5. Glue stick per child.
  6. Markers and crayons for decoration.


  1. Introduce children to all the insects you have on the sheet/s. You may share some fun facts about each insect at this point.
  2. Inform the kids that they are going to make an insect garden of their own, the way they like it. Show them an example from the image below and mention that different children make it in different ways and they are all ‘okay’. There is no one way to make it.
  3. Have children cut out all the insects. If you notice in the picture, I did not have insects printed in an aligned manner. This means it wasn’t as simple as cutting them into squares. Children had to work hard to cut around rounded areas without cutting into the next image. This helps increase attention, motor movements, eye-brain-hand co-ordination, and overall practice!

Allow them to stick their insects on a blank, white page to create their unique ‘Insect Farm’ or ‘Insect Garden’. They may use markers and colors to decorate the space and even draw.

insect farm5. Bring to their attention that they may categorize the insects as per their wish. In the image above, my daughter (age 5) categorized them as the ones she Loves and ones she Doesn’t Love. Some other kids categorized them by ones that can fly and ones that crawl OR they may not categorize them at all

6. They may create and share a story out of their garden if they wish to.


animal categories

  1. Have the animal and bird play cards either cut out beforehand or have the kids do it.
  2. DO NOT go over each animal or bird. We are going to leave it for the kids to discover that on their own.
  3. Challenge the kids to be able to separate the birds and animals in two sections in the shortest time possible. You may time the kids if you wish.


birdsGo over the answers and see who did it right. Note that some of them could be a challenge. g. Bats are animals that can fly (mammals) and ostriches are birds even though they cannot fly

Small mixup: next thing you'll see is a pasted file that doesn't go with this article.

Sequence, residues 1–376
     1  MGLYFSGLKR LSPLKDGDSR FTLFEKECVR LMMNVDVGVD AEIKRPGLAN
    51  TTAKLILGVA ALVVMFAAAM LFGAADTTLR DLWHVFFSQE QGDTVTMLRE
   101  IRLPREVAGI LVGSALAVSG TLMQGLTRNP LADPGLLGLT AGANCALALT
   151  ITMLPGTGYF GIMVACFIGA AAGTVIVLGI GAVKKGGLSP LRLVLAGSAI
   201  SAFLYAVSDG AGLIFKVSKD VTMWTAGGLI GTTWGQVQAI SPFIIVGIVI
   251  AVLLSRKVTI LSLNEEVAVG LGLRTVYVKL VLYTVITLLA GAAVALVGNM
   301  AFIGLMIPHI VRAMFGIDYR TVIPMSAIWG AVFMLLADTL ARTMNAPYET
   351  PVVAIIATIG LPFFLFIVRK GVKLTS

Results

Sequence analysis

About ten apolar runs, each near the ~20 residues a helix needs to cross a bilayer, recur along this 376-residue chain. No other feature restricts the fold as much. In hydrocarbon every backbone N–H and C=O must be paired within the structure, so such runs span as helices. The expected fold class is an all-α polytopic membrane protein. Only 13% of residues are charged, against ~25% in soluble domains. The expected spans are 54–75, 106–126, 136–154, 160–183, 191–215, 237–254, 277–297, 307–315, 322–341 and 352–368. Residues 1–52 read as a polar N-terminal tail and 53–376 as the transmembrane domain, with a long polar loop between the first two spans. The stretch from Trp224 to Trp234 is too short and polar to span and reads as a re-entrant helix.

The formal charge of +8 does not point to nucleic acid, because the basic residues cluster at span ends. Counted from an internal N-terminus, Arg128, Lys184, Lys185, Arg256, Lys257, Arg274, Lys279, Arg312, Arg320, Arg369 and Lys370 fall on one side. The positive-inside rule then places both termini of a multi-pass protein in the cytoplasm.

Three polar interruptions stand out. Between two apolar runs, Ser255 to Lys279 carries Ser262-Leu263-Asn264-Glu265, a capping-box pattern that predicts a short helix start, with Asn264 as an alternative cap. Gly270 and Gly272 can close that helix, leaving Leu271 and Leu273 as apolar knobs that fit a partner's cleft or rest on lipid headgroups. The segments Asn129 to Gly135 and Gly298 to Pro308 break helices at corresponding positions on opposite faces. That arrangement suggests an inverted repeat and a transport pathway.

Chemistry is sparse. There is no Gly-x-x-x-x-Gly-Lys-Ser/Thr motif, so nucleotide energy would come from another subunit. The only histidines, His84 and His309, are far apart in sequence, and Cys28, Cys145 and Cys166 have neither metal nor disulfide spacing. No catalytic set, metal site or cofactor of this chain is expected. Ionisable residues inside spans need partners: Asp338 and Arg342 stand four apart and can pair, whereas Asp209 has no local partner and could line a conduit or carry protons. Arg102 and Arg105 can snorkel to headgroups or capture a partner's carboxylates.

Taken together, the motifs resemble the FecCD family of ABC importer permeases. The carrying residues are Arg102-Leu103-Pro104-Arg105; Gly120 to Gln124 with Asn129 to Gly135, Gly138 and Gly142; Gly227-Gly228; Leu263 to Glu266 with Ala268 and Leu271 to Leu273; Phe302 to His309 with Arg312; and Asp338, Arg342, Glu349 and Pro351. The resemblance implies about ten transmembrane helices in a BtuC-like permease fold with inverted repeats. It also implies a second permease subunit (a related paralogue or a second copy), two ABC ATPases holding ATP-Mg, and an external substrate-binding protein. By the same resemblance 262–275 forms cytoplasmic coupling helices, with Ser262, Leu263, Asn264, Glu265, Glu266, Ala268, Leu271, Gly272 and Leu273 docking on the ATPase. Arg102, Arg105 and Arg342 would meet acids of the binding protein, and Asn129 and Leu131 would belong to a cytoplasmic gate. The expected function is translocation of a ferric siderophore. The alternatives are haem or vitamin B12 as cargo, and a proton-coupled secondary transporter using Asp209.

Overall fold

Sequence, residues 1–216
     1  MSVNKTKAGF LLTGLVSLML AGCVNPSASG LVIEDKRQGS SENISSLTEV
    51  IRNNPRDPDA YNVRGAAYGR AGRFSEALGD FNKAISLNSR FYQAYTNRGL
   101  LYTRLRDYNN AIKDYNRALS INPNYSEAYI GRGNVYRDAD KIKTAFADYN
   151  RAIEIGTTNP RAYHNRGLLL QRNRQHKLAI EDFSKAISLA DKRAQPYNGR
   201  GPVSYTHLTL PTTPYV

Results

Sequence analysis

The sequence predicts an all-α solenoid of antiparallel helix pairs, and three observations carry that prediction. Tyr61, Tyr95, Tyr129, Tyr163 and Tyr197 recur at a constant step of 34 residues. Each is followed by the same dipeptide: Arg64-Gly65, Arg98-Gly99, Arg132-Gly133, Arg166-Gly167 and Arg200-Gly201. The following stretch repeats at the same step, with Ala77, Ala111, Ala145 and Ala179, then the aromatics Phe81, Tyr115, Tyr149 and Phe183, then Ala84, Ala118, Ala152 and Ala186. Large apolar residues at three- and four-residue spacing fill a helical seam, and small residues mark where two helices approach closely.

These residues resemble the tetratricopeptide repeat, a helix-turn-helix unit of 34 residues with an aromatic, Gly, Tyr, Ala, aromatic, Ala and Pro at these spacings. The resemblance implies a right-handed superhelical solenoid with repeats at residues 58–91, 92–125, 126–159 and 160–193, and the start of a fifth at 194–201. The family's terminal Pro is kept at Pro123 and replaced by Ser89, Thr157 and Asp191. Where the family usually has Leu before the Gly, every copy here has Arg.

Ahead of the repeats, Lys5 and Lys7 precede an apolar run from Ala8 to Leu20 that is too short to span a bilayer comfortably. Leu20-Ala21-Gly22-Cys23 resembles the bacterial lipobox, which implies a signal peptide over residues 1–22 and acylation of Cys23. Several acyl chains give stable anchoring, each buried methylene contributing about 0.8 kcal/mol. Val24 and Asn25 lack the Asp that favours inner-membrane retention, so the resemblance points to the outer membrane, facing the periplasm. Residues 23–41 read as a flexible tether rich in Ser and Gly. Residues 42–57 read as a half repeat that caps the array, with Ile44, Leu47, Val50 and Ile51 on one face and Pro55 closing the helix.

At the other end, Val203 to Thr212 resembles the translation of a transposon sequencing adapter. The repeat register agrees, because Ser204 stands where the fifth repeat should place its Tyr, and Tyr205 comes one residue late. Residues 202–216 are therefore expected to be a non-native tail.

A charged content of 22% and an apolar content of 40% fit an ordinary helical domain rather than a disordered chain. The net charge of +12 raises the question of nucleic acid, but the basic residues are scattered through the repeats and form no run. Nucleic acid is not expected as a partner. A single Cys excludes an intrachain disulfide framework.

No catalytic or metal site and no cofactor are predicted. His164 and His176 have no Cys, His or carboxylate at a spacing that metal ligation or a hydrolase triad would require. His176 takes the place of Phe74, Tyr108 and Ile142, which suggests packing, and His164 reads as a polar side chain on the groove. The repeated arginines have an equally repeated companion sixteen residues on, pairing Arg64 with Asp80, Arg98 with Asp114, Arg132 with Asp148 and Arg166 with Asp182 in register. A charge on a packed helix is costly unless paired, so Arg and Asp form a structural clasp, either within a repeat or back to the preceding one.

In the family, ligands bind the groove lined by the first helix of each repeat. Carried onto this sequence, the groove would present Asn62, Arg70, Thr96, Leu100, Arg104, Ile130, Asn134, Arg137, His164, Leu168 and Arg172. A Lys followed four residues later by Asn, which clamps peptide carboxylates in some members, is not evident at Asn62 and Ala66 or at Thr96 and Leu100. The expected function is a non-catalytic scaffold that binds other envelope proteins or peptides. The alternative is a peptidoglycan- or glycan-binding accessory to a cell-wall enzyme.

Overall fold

5. You may now play other games using the same cards and may even make groups to challenge the kids. Eg.You can see in my animal section, I have categorized animals that live in the cold, ones that are found in the African Safaris, and the rest kept separate.

Make up your own games with these cards. Below are some examples I have stated.

  1. Phonics: Kids must pick out all the cards that belong to the alphabet sound you make.
    g. if you say the sound ‘Au’, they must pull out Ostrich and Ox. Focus on the sound here, not the alphabet.
  2. Alphabet: Kids must categorize all animals and birds mixed together as per their starting or ending letters.
    E.g. Seagull, Seal go in one section.
  3. Letters: Kids must arrange cards as per the letters you mention.
    E.g. if you say all the cards that have an ‘H’ in them go in the same category. So Ostrich, Cheetah, Hummingbird go in one section.
  4. Patterns: Kids must arrange all cards in altering patterns like one animal, one bird. You may time them for the same.
  5. Quiz: Take up to 6 cards at a time to help kids memorize names with 3-4 repetitions and then quiz them. Doing all the cards at once may be too overwhelming.
  6. G.K.: Share more information about each animal / bird.
    E.g. The reason why bats are not birds and ostriches are not animals. How different animals adapt to their environment; offspring names, and so on.

Parents, share your responses on these activities. Do you find this activity easy, fun, and educational? How soon are you committed to perform this activity with your kid/s? Did your kid/s enjoy these? What are your questions and queries? Do write back.

Parent-Edge Magazine Articles by me

Fun with Phonics: Teach Phonics in a Fun Way (Re-post from ParentEdge)

This is a RE-POST of my article from The Indian Magazine: ParentEdge:


Ideal Age: 3.5 years – 6.5 years